Your baby won't stop coughing -- what should you do?

by Melissa Jaramillo

coughing babyThe baby's down, peacefully sleeping and you're thinking of heading toward the land of nod yourself.

Then you hear it...coughs and a rustle. It could be a long night!

The FDA warned against cough medicines for kids under 6 years old. Is there anything you can do when your baby won't stop coughing?

Coughs aren't always a bad thing. In an otherwise healthy child, they have a job to do.

Coughs help your baby's body defend itself by keeping airways clear, removing mucus and dislodging pieces of food.

Different kinds of coughs

"Barky" coughs usually are caused by swelling in the upper part of the airway. Common culprits are a virus, an allergy or a change in temperature. Your baby may inhale with a coarse, musical sound.

Whooping cough or pertussin causes episodes of back-to-back coughing without a breath between. Your baby will take a deep breath that makes a whooping sound when the coughing ends.

Coughs with wheezing or whistling sounds could indicate asthma, a viral infection or a blocked the lower airway.

Nighttime cough: A baby's cough often gets worse at night when the mucus from the nose and sinuses drain down the throat.

Daytime cough: Cold air or activity can make coughs worse during the daytime. If your baby has a cough, look for things that could make it worse, like an air freshener or tobacco smoke.

Cough with vomiting: Young children often cough so much that it triggers their gag reflex. Also, mucus draining into the stomach from a cold or asthma flare-up can irritate the stomach and cause nausea.

Persistent cough: Coughs caused by viruses can last weeks. Allergies, asthma or a chronic infection might also trigger a persistent cough.

When to call the doctor

Call 911 or your country's emergency number if your baby:
• Has trouble breathing or is working hard to breathe
• Is breathing much more quickly than usual
• Has a blue or dusky color to the lips, face, or tongue

Get medical attention if your baby:
• Makes a "whooping" sound when breathing in after coughing
• Is less than 3 months old
• Has a high fever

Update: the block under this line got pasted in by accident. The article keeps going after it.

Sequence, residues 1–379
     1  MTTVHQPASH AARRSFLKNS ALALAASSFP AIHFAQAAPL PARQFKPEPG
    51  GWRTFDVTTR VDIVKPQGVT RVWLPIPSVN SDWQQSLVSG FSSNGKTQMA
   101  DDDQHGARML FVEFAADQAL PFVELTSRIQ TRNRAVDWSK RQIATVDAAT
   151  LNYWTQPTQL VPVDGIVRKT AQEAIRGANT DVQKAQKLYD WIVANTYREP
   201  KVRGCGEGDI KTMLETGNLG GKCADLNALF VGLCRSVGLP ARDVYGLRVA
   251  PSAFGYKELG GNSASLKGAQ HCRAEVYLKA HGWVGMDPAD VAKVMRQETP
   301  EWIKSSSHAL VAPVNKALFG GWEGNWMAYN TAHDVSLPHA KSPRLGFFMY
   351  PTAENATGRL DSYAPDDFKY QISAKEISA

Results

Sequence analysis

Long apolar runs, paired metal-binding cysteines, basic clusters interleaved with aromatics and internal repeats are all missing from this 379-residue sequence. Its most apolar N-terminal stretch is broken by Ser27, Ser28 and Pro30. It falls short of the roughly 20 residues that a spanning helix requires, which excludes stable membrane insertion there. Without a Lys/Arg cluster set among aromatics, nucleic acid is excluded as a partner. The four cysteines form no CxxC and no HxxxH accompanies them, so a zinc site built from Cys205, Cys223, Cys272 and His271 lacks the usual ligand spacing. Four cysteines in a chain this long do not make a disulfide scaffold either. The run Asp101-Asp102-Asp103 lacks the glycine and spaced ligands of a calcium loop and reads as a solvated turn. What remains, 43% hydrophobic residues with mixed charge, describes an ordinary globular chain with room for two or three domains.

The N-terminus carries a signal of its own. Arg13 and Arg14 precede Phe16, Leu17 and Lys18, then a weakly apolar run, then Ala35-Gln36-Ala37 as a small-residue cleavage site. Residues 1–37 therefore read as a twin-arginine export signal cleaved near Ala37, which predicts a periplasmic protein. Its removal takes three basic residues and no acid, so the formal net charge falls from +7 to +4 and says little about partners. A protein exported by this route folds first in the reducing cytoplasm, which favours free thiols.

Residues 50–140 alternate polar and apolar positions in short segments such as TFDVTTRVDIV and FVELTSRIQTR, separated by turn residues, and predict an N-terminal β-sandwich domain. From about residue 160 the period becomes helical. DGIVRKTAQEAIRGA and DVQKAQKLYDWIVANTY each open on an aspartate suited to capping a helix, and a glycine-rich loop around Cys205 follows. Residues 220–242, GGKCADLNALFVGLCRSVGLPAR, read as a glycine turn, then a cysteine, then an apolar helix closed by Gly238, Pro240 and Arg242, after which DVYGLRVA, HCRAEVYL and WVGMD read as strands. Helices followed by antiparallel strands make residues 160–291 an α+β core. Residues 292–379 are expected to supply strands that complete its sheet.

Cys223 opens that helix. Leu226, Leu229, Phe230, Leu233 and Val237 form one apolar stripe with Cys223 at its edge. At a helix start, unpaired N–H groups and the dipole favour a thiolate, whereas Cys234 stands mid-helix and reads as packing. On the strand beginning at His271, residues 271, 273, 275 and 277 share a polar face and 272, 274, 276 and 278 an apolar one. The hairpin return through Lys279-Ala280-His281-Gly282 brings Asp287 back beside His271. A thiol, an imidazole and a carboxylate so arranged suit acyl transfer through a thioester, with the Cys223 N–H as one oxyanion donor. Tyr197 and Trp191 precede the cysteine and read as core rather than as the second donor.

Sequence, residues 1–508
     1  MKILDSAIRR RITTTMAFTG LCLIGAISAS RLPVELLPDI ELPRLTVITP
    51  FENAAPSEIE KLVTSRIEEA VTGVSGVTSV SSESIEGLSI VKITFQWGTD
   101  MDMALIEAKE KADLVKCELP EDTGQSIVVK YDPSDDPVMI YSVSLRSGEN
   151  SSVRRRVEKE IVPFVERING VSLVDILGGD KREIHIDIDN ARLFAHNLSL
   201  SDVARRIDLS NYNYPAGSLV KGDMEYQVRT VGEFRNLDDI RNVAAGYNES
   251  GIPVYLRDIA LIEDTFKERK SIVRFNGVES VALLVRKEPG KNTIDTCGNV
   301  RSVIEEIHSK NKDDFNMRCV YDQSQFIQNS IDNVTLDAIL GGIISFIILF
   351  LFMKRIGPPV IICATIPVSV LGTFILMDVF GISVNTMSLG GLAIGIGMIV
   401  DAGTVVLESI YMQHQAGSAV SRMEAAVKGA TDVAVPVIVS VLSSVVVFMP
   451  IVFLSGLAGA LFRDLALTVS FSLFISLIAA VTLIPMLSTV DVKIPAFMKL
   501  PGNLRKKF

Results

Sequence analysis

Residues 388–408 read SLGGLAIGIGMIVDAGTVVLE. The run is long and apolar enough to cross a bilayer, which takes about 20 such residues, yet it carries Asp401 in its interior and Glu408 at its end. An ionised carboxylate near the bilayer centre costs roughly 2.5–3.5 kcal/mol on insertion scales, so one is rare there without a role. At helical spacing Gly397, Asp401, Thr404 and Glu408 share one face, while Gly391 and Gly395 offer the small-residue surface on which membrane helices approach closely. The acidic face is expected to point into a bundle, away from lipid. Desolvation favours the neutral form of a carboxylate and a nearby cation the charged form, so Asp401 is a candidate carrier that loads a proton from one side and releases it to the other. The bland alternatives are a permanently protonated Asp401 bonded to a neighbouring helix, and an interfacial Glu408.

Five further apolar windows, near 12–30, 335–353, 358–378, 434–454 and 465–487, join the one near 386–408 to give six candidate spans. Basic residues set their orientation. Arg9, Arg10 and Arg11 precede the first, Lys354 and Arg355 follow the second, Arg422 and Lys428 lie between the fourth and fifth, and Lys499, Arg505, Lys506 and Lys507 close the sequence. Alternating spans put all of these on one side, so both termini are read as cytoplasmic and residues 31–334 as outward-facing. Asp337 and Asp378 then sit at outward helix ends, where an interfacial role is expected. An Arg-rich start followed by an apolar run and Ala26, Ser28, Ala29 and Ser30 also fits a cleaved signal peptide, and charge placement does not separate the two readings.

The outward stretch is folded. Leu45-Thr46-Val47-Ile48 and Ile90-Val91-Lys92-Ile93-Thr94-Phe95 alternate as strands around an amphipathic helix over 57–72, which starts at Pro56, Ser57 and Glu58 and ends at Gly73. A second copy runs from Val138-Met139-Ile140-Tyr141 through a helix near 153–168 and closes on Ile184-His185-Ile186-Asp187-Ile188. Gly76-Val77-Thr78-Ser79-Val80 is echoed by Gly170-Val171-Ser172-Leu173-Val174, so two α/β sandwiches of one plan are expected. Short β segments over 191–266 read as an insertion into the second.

• Is coughing up blood
• Makes a noisy or musical sound when breathing in
• Does not have an asthma care plan and is wheezing when breathing out
• Is weak, cranky, or irritable
• Is dehydrated

Treating your baby's cough

Medicines work differently in adults than in young children. The very syrup that sends your hacking cough to bed might not have the same effect on your baby.

In fact, studies indicate that cough medicines aren't effective for kids. The FDA warned against giving them to children under two years old because they can cause serious harm or death.

Here are ways you can help your baby feel better.

Keep fluid intake high. For babies less than six months old, stick to breast milk or formula. Your doctor may recommend an oral electrolyte solution designed for babies. Don't give straight water; baby's kidneys can't process it correctly.

For toddlers older than 12 months, you can offer water, diluted juice and milk.

Keep your baby's nose clear. You're probably sighing. Yes, get and the suction bulb and clear out the mucus. Your baby will breathe easier, have less problems eating and have less coughing from drainage. Saline nose drops may also help.

Use a humidifier. Keeping the air moist can help your baby's cough. Use a cool air humidifier.

For a "barky" or "croupy" cough, turn on the hot water in the shower. Close the bathroom door so that the room steams up. Sit in the bathroom with your baby for about 20 minutes. The steam may help your child breathe easier.

Go outside. Sometimes a brief exposure to cool outdoor air relieves the cough. Dress your baby for outdoors and try it for 10 to 15 minutes.

Eliminate cough triggers. Smoke can irritate already inflamed airways. Don't smoke in a house with children. If your baby has a cold, keep them away from other sources of smoke such as grills, wood-burning fires and candles.

If your baby has asthma, follow your doctor's treatment plan.

For toddlers only: Is your baby over a year old? Here's a remedy straight out of grandma's kitchen to calm that cough -- honey. A typical dose is 1/2 teaspoon for toddlers and preschoolers.

Has your baby had a cough? What seemed to help the most?

Photo courtesy of iStockphoto.